Outfield: Dale Murphy 1976-90
A seven-time All-Star who took home five Gold Gloves and four Silver Sluggers, Murphy was one of the lone bright spots during some tough times for the Braves in the 1980s.
A two-time NL leader in both home runs and RBI, Murphy took home back-to-back NL MVP honors for the 1982-83 seasons, helping the Braves win the NL West title in 1982.
After 15 seasons with the Braves, Murphy was traded following the 1990 season to Philadelphia. He has since been inducted into the Braves Hall of Fame and had his No. 3 jersey retired in 1994.
Starting pitcher: Greg Maddux 1993-03
The ace of the legendary Braves pitching staff of the 1990s, Maddux won three straight Cy Young Awards from 1993-95, highlighted by winning the 1995 World Series.
A six-time All-Star and 10-time Gold Glove winner in his 11 seasons with the Braves, Maddux led MLB in wins twice and ERA four times.
A member of the 300 win (355) and 3,000 strikeout clubs (3,371), Maddux’s No. 31 jersey was retired after his career and was inducted into the Baseball Hall of Fame in 2014.
Starting pitcher: Tom Glavine 1987-02, 2008
Another member of the feared 90s Braves rotation, Glavine played 17 years with the franchise, tallying eight All-Star selections and winning a pair of Cy Young Awards (1991, ’98).
A four-time Silver Slugger recipient who led the NL in wins five times, Glavine helped guide Atlanta to the 1995 World Series title, where he was named World Series MVP.
A 300 game winner (305), Glavine’s No. 47 jersey was retired following his second Braves stint and he was inducted into the Hall of Fame in 2014.
Starting pitcher: Warren Spahn 1942, ’46-64
Playing 20 seasons with the Braves in Boston and Milwaukee, Spahn became one of the greatest left-handed pitchers of all-time.
A 17-time All-Star who won a Cy Young Award in 1957, Spahn won 365 games during his career and threw two career no-hitters. Leading the NL in wins eight times, strikeouts four times, and ERA twice, Spahn helped the Milwaukee Braves win the 1957 World Series title.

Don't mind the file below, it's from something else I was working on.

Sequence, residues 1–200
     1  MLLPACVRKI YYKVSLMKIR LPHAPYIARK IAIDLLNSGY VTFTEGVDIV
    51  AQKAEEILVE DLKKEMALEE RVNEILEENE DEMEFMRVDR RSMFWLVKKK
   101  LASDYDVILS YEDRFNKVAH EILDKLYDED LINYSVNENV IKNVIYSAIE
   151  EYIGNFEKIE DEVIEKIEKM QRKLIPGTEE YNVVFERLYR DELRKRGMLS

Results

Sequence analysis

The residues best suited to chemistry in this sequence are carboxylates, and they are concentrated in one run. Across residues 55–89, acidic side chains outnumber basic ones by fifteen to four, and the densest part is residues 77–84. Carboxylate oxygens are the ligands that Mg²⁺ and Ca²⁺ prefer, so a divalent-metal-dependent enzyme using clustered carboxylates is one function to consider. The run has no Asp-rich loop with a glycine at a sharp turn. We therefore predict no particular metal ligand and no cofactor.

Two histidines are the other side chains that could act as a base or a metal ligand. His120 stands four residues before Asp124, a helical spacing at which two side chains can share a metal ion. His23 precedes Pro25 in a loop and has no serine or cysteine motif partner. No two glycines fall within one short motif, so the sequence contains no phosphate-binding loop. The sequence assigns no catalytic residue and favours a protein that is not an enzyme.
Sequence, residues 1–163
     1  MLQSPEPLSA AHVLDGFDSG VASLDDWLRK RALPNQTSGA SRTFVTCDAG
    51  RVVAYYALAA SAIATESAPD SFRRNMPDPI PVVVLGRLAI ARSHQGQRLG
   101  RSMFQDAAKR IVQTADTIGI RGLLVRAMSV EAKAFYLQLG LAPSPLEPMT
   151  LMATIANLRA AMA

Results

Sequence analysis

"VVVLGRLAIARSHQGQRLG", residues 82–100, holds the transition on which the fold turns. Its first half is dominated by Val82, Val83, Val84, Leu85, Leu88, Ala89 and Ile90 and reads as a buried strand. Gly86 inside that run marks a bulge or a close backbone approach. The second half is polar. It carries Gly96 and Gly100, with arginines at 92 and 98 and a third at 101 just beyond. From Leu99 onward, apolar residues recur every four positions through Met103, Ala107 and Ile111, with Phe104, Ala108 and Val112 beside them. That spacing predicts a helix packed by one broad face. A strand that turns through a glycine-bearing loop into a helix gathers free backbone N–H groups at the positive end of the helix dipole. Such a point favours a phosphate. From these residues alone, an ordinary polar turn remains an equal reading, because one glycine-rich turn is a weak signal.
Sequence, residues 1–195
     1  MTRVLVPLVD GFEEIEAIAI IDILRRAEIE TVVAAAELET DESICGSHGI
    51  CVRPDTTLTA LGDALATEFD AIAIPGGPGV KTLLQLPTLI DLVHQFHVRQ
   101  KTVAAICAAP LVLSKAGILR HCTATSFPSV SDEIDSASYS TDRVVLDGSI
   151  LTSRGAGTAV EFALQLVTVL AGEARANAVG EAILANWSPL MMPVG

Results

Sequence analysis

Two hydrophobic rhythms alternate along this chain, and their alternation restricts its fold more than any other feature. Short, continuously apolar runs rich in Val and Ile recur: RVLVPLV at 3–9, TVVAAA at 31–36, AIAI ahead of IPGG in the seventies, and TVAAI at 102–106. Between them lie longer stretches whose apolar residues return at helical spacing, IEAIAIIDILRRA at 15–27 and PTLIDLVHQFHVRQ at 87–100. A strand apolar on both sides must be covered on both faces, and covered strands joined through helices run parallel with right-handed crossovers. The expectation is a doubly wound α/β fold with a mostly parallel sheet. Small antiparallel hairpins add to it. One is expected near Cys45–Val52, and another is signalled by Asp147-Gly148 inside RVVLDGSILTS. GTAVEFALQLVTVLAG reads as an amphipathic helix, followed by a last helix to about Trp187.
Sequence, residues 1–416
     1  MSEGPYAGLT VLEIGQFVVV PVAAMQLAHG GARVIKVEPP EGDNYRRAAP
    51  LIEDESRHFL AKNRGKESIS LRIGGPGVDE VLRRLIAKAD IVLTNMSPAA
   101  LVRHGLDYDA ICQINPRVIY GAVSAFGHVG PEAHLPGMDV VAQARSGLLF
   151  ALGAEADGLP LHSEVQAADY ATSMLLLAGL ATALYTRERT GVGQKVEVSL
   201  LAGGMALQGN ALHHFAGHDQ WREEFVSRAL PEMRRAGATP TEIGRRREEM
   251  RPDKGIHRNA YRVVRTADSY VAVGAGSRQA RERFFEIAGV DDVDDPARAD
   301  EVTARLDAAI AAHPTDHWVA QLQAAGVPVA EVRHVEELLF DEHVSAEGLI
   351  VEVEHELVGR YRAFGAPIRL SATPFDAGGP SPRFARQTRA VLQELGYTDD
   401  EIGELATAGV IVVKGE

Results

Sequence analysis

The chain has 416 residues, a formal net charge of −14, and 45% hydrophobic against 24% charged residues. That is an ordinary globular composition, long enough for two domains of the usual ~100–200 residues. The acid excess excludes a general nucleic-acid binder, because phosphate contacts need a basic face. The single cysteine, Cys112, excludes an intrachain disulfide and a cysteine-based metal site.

A member of the MLB All-Century Team, Spahn’s No. 21 jersey is retired by the Braves and he was inducted into the Baseball Hall of Fame in 1973.
Relief pitcher: John Smoltz 1988-08
Pitching 20 years with the Braves, Smoltz was the third member of the vaunted 90s Braves rotation before injuries forced a move to the bullpen.
An eight-time All-Star and 1996 NL Cy Young Award winner, Smoltz twice led the NL in wins and strikeouts and was named MVP of the 1992 NLCS and a Silver Slugger recipient in 1997.
Moving to the bullpen for the first time in 2001, Smoltz recorded a National League record 55 saves in 2002, receiving the NL’s Rolaids Relief Man Award.
Recording over 3,000 career strikeouts, Smoltz helped the Braves win the World Series in 1995 before having his No. 29 jersey retired and being inducted into the Hall of Fame in 2015.
Relief pitcher: Craig Kimbrel 2010-14
Playing his first five seasons in Atlanta, Kimbrel was named the 2011 NL Rookie of the Year and led the NL in saves four straight times from 2011-14.
The 2012 NL Rolaid’s Relief Man winner and MLB’s 2013 Delivery Man of the Year, Kimbrel helped the Braves reach the playoffs three times in his tenure.
The 2014 NL Reliever of the Year was traded to the Padres before the start of the 2015 season.